The Wreck of the Sea Wing

How it happened

Wednesday, July 9
The Midwest is in the grip of a heat wave. A tornado in Fargo, N.D., kills nine people.

Thursday, July 10
A notice appears in the Red Wing Argus advertising a day-long excursion aboard the Sea Wing and an accompanying barge, the Jim Grant. The Sunday trip will take voyagers to Camp Lakeview, near Lake City, for a day of military exhibitions and a picnic. A live band will be aboard. Tickets are 50 cents.

Friday, July 11
An itinerant preacher known only as Georgas tells people in Diamond Bluff, Wis., that the Sea Wing will be destroyed in a storm in two days and many lives will be lost.

Sunday, July 13, 8:40 a.m.
The Sea Wing, piloted by Capt. David Niles Wethern, leaves Diamond Bluff with 10 crew members and 11 passengers.

9 a.m.
The ship arrives at Trenton, Wis., and picks up 22 passengers.

Mid-morning
The ship leaves Red Wing with about 165 additional passengers.

11:30 a.m.
The Sea Wing reaches Lake City. Passengers disembark for the afternoon’s entertainment at Camp Lakeview.

Shortly after noon
Georgas packs his belongings and leaves Diamond Bluff, saying he can’t bear to share the upcoming sorrow of the townspeople.

Afternoon
Funnel clouds are reported in the Gervais Lake area, 60 miles to the north. Tornadoes kill five people, 11 are injured and several are missing, apparently swept into the lake. In Hastings, high winds uproot trees and damage homes.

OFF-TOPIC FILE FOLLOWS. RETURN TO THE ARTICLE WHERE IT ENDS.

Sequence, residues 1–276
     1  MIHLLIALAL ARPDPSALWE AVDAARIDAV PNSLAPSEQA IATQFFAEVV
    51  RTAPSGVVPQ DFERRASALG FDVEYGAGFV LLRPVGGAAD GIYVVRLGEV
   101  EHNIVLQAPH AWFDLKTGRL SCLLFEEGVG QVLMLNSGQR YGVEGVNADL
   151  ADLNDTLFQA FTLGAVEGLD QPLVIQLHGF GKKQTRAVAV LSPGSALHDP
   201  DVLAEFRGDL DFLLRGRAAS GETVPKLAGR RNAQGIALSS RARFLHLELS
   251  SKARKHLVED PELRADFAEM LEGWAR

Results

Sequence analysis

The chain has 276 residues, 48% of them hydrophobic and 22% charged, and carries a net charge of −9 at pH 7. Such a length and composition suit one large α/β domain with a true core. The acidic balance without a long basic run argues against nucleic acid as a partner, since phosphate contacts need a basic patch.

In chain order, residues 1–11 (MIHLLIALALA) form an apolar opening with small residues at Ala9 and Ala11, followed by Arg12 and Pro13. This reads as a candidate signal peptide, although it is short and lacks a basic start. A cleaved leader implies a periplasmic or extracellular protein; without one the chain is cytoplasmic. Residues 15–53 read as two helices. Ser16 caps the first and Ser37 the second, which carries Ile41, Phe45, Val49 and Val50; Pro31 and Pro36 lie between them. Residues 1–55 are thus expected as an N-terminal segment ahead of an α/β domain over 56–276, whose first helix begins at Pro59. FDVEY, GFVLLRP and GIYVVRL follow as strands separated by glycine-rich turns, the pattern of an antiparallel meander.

5 p.m.
In Lake City, the sky to the north turns dark.

About 7 p.m.
A rain squall interrupts military exercises at Camp Lakeview.

About 8 p.m.
The rain lets up. Capt. Wethern deems the weather safe. Although some passengers do not reboard out of fear, the ship cruises north with more passengers than it had carried to Lake City.

After 8 p.m.
The Red Wing area is hit by a southbound storm. Winds topple trees. Roofs and chimneys are ripped from houses. A Red Wing weather observer measures the wind speed at 60 mph before his anemometer breaks from the force.

Aboard the Jim Grant, intoxicated male passengers begin singing bawdy songs. Most of the women leave the barge for the Sea Wing before the singers are quieted by Chief Engineer Mel Sparks.

Only a mile into the return trip, Boze Adams of Lake City and several other young people begin putting on life jackets. Adams is reprimanded by Capt. Wethern and told “Take that off . . . You will frighten the ladies.”

8:15 p.m.
The storm hits the Sea Wing. Many passengers crowd into the main cabin area. Wethern now encourages passengers to don life vests if they wish.

Crewman Ed Niles spots a funnel-shaped cloud darting across the ship’s path, 500 yards ahead. Passengers begin tying on life preservers. Many start to pray, as wind and waves rock the vessel.

Aboard the Jim Grant, passengers attempt to separate their vessel from the rocking steamboat. The barge, which may have been stabilizing the Sea Wing, is either cut or broken loose. The steamer rocks onto its right side, balancing momentarily at a 45-degree angle. Horrified barge passengers watch as the Sea Wing overturns completely, with more than a hundred people aboard.